Don’t get us wrong — from the moment we laid eyes on “Noobz,” a sinking feeling set in. The final product could prove generic at best or a travesty at worst, one of those interminable films that’s just bad. Still, a tiny pocket of hope lingered, a miniscule possibility that this film could in some way capture the passion, obsession and community that “Indie Game: The Movie” highlighted to great effect. “Noobz” snuffs out that hope early on, despite co-writer, director, and co-star Blake Freeman‘s repeat attempts to capture base gamer culture. This is due in part to the script, co-written by Freeman and Marvin Wilson, which briefly touches on the aimless, low-ambition lives of four gamers and then spirals off into the done-to-death road-trip-to-the-big-money-tournament plot. Freeman also damages his own production by playing one of the characters — Cody, a cocky, careless pit of bottomless pessimism who elicits the least sympathy since Seth Rogen‘s acidic Britt Reid dragged down Michel Gondry‘s ‘The Green Hornet.’
When Cody (Freeman) loses his job and his girlfriend, teammate Andy (Jason Mewes, surprisingly the best thing about the film) drags the reluctant “Gears Of War” pro out of his house and takes him to a tournament that could provide much needed financial reprieve. They are joined by Oliver (Matt Shively), who Cody and Andy endlessly berate for the former’s inability to acknowledge his cartoonish homosexuality. On the way, they pick up Hollywood (Moises Arias), whose mom is seeing none other than bug-killer Caspar van Dien, slumming with ease in an extended cameo as a washed-up, closeted version of himself. The film’s obsession with male sexuality is no surprise, but when van Dien, suspecting Oliver is a stalker, delivers the line “I got a standing restraining order against your kind,” it blurs the line between tasteless and hateful.
A subplot sees Jon Gries of “Napoleon Dynamite” fame attempt to reclaim his coin-op throne as champion of “Frogger.” Gries’ Greg Lipstein is thematic kin to his deluded Uncle Rico, both men being never-weres lost in the fantasy glory days. Gries does what he can but his subplot is largely unecessary, since it pokes fun at the old-timey (not to mention underfunded) nature of coin-op tournaments but never properly develops Greg to make his inevitable realization and change of priorities worth your viewing time. Zelda Williams, daughter of Robin, also pops up as a love interest for Mewes and is equally underdeveloped, yet another tough girl gamer wary of the boys club.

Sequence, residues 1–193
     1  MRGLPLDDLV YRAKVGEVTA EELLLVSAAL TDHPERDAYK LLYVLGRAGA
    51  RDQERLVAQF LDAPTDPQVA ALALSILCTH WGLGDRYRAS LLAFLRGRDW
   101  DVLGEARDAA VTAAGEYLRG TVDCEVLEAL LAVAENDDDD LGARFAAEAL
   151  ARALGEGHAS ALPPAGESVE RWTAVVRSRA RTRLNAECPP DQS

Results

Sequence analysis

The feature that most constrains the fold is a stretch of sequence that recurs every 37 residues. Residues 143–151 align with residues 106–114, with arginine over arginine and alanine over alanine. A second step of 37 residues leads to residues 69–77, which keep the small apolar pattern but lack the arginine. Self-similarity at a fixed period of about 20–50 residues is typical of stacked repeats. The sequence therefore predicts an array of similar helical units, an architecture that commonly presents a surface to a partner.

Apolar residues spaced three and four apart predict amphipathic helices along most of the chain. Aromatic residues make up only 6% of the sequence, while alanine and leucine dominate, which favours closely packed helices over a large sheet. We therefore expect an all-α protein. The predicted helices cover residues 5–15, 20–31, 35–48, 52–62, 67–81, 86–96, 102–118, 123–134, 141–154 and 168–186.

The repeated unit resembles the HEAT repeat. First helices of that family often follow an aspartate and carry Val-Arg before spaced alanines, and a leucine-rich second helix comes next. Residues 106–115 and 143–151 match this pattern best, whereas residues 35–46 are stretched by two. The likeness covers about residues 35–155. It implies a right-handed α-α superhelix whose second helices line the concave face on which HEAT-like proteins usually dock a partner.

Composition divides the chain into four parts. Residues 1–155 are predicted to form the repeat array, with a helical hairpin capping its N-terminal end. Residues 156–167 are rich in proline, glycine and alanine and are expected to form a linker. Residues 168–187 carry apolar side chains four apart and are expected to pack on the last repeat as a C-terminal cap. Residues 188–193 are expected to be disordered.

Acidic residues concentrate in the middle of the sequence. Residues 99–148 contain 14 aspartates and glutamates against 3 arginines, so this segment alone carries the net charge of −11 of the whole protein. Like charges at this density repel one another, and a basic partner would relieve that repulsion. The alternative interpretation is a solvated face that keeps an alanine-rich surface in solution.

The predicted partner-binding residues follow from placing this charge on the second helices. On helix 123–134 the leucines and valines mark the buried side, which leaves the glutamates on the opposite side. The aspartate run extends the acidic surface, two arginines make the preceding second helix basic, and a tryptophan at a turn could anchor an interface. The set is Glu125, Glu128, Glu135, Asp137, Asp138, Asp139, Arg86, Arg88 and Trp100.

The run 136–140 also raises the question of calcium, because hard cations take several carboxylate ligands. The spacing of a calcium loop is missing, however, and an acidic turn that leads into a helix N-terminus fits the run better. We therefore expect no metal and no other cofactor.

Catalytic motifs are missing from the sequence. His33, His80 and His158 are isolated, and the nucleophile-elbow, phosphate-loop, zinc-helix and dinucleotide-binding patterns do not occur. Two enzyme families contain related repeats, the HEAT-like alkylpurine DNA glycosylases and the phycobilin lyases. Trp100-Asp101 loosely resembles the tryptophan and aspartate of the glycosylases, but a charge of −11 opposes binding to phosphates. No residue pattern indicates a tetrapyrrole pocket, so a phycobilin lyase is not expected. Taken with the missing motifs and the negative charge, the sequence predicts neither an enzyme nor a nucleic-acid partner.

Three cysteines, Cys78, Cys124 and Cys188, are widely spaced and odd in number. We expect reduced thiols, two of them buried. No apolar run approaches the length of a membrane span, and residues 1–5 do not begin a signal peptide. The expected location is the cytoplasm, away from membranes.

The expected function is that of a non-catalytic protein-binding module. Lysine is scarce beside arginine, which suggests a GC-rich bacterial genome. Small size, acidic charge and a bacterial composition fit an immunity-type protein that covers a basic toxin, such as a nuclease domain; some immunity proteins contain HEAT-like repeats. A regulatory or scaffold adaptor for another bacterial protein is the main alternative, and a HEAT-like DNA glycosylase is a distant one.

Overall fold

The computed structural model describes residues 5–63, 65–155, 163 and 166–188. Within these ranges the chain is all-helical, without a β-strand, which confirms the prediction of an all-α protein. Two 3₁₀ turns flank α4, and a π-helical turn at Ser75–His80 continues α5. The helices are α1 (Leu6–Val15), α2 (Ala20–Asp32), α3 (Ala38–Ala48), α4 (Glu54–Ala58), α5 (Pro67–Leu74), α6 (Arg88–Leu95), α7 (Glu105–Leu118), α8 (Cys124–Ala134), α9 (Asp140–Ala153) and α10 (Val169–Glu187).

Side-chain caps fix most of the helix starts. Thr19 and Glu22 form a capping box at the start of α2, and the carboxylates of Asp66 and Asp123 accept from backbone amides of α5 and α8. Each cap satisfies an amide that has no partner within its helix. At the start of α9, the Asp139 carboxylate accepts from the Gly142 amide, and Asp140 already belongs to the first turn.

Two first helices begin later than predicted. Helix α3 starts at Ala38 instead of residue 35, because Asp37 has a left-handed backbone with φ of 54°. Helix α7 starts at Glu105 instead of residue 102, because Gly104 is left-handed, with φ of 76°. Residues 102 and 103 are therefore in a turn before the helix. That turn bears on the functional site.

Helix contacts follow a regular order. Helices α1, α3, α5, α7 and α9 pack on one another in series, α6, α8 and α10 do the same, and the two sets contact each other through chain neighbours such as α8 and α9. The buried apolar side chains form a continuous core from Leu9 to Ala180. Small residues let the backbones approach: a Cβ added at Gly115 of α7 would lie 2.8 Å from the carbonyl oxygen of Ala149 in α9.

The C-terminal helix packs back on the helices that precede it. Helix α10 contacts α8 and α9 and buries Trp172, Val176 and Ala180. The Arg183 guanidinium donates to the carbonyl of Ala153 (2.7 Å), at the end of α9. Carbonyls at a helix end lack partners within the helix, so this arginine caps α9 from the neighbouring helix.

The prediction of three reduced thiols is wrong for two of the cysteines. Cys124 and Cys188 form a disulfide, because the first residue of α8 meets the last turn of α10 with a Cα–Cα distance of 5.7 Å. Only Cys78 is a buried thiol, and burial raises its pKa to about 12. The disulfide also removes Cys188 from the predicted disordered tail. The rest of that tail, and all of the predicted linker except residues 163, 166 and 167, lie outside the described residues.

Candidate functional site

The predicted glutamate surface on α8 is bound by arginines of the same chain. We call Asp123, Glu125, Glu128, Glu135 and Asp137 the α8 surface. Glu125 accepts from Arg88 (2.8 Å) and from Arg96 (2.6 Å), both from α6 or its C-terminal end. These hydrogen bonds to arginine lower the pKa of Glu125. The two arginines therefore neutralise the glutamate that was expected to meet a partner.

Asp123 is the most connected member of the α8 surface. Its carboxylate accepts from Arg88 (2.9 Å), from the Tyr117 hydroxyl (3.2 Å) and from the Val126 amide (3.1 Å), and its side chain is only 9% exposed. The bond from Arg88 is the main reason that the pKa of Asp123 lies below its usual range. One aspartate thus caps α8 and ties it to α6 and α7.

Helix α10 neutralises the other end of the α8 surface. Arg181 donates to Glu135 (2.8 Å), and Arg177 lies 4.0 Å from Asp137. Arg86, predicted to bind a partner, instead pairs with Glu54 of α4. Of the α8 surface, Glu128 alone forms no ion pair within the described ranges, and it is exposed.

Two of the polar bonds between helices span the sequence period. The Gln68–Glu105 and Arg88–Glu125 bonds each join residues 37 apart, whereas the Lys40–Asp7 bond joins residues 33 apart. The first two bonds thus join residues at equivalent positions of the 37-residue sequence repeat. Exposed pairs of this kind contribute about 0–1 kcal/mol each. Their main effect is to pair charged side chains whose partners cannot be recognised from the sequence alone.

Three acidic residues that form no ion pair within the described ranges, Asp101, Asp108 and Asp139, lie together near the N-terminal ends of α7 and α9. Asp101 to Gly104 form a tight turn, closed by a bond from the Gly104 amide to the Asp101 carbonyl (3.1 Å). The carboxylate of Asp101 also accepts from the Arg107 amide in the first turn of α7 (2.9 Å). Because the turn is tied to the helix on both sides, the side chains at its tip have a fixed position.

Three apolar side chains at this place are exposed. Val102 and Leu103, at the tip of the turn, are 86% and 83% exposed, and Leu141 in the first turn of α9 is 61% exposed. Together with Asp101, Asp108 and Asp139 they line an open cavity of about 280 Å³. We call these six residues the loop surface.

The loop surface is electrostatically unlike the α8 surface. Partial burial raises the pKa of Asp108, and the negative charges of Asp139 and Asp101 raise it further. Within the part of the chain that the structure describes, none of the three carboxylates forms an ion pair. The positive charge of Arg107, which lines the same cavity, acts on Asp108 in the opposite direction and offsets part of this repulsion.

While we get several montages of team deathmatches and players spouting dialogue mid-combat, it all feels so much like actors playing a type — the dialogue lands with a thud and the teams (outside of the Freeman-led foursome) are little more simplistic stereotypes. For a film that wants to say the gaming community takes in all kinds, “Noobz” is certainly relunctant to acknowledge genuine diversity, not to mention steeped in gay panic and unsubtle misogyny. It is also ambitious beyond what it’s budget seems to allow, and features some truly garish lighting. Indie films frequently get the pass for technical setbacks but here it draws attention to itself to the point where you can’t not mention it.
What “Noobz” has going for it, against all odds, is Jason Mewes, who pulls the film up time and time again as Andy, the straight man who keeps the team together and talks Cody back into the game. Mewes brings his signature antics to the role but tones them down and seemingly acknowledges that despite his enduring (though certainly worn) looks, he is pushing 40. It’s not a complex performance but for fans of Jay this should be a bit of a revelation, a confident and even melancholy turn that doesn’t overwhelm with juvenile horsing around but shows a more mature, functioning version of Mewes’ imbecilic prankster. Perhaps we’re giving it too much credit but when you see a lifebelt in a sea of sharks, you grab for it and hold on tight.
It’s fair to say “Noobz” misses what it’s aiming for — a breezy, raunchy comedy steeped in a unique lingo and bolstered by a flashy endorsement deal — by a long shot. If not for Mewes and the occasional laugh, the film would be a complete letdown. Instead, it’s a passable bottom-of-the-barrel comedy that paints an unfriendly portrait of many professional gamers as, well, pricks. [C-]